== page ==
Energy Foods and Drinks: Global Markets
The global revenue from energy foods and drinks reached $115.9 billion in 2010 and $123.3 billion in 2011. It is expected to grow to $168.3 billion by 2016, a compound annual growth rate (CAGR) of 6.4%.
Current and projected product forecasts during the forecast period (2011 to 2016) are discussed. New product launches will be discussed. Revenue figures for 2010 are given except where actual results have not been reported, due to the release timing of the report.
The report includes analysis of leading and emerging competitors in the current worldwide energy food and drink market. Profiles of manufacturers of leading products as well as companies with novel products in development are analyzed to define their specific product strategies employed. This report also assesses companies poised to introduce products during the forecast period and discusses how these introductions will change the face of the competitive environment. The competitive environment is examined with a special focus on how new products and technologies are influencing the current consumer population. Detailed profiles of current market leaders are discussed, as well as companies with innovative products poised to advance within the forecast period.
Products are defined as ready to drink (RTD) products, and other packaging conventions such as powdered sport recovery drinks are explicitly defined in relevant sections of the report.
Within the report, energy drinks as a segment is broken down to include a variety of drink products. Energy drinks are non-alcoholic soft drinks advertised as boosting physical energy, mental alertness and overall well-being. They emphasize energy derived not from the calories they contain, but rather through a choice of caffeine, vitamins and herbal supplements the manufacturer has combined. Energy drinks include products like Red Bull, Monster and RockStar, among others. Sports drinks are non-alcoholic soft drinks containing electrolytes like sodium, potassium and chloride. These drinks are used for rehydration of athletes after strenuous events. Also, they contain a high percentage of sugar, which is intended to restore energy during or after sporting activity or strenuous exercise. Sports drinks include Gatorade G Series and Powerade, among others.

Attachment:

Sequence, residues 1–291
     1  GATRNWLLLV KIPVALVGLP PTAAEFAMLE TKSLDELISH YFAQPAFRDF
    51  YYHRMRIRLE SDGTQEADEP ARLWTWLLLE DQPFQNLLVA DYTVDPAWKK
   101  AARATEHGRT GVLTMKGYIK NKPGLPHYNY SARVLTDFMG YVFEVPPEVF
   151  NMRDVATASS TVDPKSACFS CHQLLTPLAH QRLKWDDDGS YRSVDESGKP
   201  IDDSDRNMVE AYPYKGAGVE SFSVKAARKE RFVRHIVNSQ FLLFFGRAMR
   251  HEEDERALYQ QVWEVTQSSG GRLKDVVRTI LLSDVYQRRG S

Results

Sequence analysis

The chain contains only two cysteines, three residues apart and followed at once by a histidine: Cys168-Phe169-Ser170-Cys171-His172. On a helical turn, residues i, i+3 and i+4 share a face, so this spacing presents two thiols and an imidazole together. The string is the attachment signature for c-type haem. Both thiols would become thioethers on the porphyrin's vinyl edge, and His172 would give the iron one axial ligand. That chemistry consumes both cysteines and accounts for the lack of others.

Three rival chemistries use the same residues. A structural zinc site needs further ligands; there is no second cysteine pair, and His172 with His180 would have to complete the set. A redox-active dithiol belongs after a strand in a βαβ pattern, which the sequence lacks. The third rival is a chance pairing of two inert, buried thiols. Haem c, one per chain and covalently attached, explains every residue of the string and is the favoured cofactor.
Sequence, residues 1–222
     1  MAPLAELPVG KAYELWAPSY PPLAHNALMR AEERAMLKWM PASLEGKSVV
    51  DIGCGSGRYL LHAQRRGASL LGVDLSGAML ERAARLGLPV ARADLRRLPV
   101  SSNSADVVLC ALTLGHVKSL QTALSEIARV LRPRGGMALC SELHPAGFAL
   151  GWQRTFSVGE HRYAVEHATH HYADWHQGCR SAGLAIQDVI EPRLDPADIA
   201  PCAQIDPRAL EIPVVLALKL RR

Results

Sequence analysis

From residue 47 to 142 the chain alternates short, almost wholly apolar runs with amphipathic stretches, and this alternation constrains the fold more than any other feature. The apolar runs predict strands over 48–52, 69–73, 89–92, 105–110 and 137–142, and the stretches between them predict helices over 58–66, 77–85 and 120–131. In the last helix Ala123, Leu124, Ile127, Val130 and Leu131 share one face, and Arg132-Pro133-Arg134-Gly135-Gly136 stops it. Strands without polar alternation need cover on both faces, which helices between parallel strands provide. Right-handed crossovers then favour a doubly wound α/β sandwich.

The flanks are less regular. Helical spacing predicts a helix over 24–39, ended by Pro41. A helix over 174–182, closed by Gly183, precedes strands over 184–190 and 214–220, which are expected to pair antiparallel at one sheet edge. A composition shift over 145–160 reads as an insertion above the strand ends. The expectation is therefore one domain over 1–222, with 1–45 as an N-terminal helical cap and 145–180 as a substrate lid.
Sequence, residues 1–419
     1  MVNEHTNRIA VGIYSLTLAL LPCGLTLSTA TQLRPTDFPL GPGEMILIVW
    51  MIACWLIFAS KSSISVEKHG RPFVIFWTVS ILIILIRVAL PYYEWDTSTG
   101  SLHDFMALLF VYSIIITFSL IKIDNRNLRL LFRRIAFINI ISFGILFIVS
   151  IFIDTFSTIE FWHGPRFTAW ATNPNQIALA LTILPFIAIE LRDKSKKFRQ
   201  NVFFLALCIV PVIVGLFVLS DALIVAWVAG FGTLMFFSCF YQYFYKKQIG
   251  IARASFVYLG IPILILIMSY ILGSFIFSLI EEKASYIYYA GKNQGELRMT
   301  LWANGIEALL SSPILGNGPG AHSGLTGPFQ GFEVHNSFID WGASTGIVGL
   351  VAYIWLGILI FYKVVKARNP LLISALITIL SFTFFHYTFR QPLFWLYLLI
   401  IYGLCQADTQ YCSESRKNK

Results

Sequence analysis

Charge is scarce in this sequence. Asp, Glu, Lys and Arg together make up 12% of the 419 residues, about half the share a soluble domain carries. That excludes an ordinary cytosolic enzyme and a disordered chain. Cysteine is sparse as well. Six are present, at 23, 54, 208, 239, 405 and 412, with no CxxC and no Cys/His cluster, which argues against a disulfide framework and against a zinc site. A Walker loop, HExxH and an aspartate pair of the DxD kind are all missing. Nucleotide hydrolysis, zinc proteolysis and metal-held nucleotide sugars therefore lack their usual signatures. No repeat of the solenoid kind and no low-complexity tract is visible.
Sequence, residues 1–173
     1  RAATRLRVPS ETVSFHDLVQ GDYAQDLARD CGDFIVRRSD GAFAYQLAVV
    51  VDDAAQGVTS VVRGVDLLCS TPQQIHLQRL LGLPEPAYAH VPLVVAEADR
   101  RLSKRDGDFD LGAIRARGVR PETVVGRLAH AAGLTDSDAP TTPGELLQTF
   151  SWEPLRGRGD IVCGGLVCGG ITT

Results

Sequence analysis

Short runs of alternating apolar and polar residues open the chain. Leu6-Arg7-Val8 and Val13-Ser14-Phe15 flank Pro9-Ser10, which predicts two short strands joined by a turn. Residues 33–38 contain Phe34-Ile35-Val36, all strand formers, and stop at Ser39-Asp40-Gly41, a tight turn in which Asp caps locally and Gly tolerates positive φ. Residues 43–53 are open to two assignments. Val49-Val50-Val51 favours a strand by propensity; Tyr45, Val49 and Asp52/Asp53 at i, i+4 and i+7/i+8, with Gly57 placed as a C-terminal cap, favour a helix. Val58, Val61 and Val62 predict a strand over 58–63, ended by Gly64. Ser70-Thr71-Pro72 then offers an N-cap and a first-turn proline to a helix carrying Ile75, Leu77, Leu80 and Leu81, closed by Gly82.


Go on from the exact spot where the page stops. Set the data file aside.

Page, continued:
Excluded from the scope of the report are regular sales of coffee and tea, as sold through specialty shops such as Starbucks or Brueggers. In addition, sales of traditional packaged coffee and tea products sold in supermarkets or point of sale at convenience stores are explicitly excluded from the market.
Market figures are based on revenues at the manufacturers’ level and are projected at 2011-dollar value. Inflation is not computed into the projection figures. Trends are assessed based on projected sales for existing products, for new product introductions, expanded markets for existing products, and other factors affecting the market
Included in this report are forecasts by product, product category and by company from 2009 through 2016. The study is arranged to offer an overview of the energy drink and energy food market accompanied by product, company, geography, and mechanism of action, with forecasts broken down and covered by geographic region or country. Virtually the entire globe is covered to include prevalence data for each food subsegment.
Health and wellness claims of major products are evaluated with regard to their safety and long-term effects on health. The mechanism of action of major constituents in these products is also reviewed. The status of potential regulation of these food segments by the FDA and regulatory agencies in other countries is reviewed.
Figures are reported in U.S. dollars and in each case reflect currency fluctuations within the performance of revenue change. Revenue figures do not account for variation in local currencies.
All market share data presented is on a global basis, unless specifically noted.
Jackson Highsmith is a life sciences research consultant with more than 16 years of research experience. Jackson has been consulting with specialty pharmaceuticals and large pharmaceutical industry players since 2007. Prior to that, he worked at a large research consultancy, where he focused on in-depth research; he also has worked at a large pharmaceutical company in a wide range of medical therapeutics in early- and mid-stage drug development. Jackson Highsmith is a pseudonym of the author.